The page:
Review: The Total Money Makeover by Dave Ramsey

Recently I wrote a quick introduction to Dave Ramsey. Now, I thought it would be appropriate for me to review his most popular book, The Total Money Makeover. This isn’t a book on how to invest your money, or how to get a great rate on a home loan. This book is more about Dave’s overall approach to personal finance. Dave’s Total Money Makeover really isn’t that detailed. There aren’t tons of facts to memorize or anything. Actually, about half the book is motivational stories from people who have used his system. If you’re currently in debt, though, it’s probably one of the best books out there.

If you live like no one else, later you can live like no one else.

Dave Ramsey Total Money MakeoverThat’s Dave’s motto, and he really sticks to it. Dave’s system is all about making short term sacrifices, getting out of debt, and paying for everything with cash. Before addressing the how-to, Dave first digs into the hurdles that keep people from achieving personal financial success. All of Dave’s principles are rooted in the fact that personal finance is 80% psychology, 20% knowledge. Nearly everybody knows what they should do, but doing it is a completely different thing. I think that becoming financially fit is similar to becoming psychologically fit. We all know that we should eat healthy and exercise often, but doing it is entirely different.

The first hurdle that Dave Ramsey addresses in denial. Having debt and living paycheck to paycheck has become “normal”. I think that denial is the #1 hurdle that is keeping people from achieving financial freedom. It’s easy to trick yourself into thinking that not paying off the credit card this month really isn’t a bad thing, because you’ll pay it next month. Or that you should get the latest iPod, because you work hard, and you deserve it. I know I’ve done both of these things.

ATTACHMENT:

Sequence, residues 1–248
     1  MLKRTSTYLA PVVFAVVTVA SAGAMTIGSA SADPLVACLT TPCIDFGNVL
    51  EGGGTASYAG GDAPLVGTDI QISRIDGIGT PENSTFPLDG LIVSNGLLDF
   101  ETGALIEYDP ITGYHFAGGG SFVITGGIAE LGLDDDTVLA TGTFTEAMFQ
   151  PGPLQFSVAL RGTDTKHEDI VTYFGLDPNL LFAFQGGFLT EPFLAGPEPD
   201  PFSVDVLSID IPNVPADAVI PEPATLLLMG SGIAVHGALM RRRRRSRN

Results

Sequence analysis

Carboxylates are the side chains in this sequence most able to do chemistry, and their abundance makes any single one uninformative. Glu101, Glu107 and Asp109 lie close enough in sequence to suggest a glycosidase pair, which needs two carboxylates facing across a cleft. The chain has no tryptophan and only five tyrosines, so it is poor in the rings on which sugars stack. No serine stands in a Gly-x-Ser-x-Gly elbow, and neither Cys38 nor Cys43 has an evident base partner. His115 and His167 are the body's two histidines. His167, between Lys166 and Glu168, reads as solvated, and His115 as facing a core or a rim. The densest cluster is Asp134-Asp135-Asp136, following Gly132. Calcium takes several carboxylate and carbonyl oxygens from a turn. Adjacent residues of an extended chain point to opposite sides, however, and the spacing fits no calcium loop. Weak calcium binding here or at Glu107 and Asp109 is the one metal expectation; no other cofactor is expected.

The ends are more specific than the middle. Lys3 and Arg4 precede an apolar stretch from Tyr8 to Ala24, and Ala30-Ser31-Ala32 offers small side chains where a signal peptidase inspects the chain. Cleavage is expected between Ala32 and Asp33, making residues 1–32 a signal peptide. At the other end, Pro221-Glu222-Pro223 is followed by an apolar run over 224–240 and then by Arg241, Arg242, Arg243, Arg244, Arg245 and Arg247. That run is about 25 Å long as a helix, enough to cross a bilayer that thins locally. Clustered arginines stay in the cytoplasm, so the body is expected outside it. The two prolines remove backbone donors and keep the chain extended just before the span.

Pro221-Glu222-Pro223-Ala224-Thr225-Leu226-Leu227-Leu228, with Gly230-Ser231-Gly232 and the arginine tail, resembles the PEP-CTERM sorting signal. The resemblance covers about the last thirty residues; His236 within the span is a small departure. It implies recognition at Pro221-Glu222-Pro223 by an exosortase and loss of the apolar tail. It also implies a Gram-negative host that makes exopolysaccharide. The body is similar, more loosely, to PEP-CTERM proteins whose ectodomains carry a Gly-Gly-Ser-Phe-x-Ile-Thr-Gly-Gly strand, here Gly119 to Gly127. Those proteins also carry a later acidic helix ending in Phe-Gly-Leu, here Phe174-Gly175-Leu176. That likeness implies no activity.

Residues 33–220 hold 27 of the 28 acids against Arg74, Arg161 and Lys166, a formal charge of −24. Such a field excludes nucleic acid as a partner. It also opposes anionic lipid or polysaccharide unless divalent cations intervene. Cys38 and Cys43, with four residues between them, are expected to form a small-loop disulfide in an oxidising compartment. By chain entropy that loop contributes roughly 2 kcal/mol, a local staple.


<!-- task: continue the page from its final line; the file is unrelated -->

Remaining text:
Dave next addresses debt myths. You can’t deny the fact that history shows us that twisted logic, if repeated often enough and loud enough, can become the accepted norm. Debt is sold to us so often, that some debt has become known as “good debt”. We all know what “good debt” is, right? Mortgage loans and student loans are the two that immediately come to mind. Dave believes strongly that there is no such thing as good debt. He won’t yell at you for having a mortgage, but all other debt is strictly off-limits.

Thirdly, Dave Ramsey brings up what he refers to as money myths. Dave subtitles this section, “the (non)secrets of the rich” because that’s what they are. There are no secrets to becoming rich, just like there are no secrets to losing weight. People are constantly looking for the magic pill that will help them lose weight, or the DVD set that will help them generate a six-figure income while they work four hours per day. Many Americans continue to buy lottery tickets, since “somebody’s gotta win.”

The last two hurdles are ignorance and keeping up with the Joneses. High schools teach almost nothing about money, yet many of those students will go directly to work. They won’t pass go, they won’t collect $200. The fact that you’re even reading this ensures that you’re not ignorant when it comes to money. The ignorance factor plays right in with keeping up with the Joneses. The Joneses might have a cool car and take awesome vacations, but they’ll have that car payment their entire life and they are paying for their vacation with a credit card.

The Baby Steps

After going through what Dave considers to be the main hurdles to achieving financial independence and completing your total money makeover, he introduces his popular Baby Steps. Dave Ramsey has compiled a list of seven goals, which he calls his Baby Steps. Your can do anything you want in life as long as you have defined, manageable steps (goals) to get there. If you follow and complete each of Dave Ramsey’s Baby Steps, you’ll be debt-free and financial independent. As you complete the Baby Steps, the idea is that you’ll focus on that one goal with all of your efforts. If you’re saving for an emergency fund, you should be doing only that. Most people fail at their finances because they try to do too many things at once. If you’re working to save money for an emergency fund while paying down debt you’re going to feel like you’re not making any progress because your efforts (and money) will be divided. Click on this link to check out the Total Money Makeover Baby Steps in detail.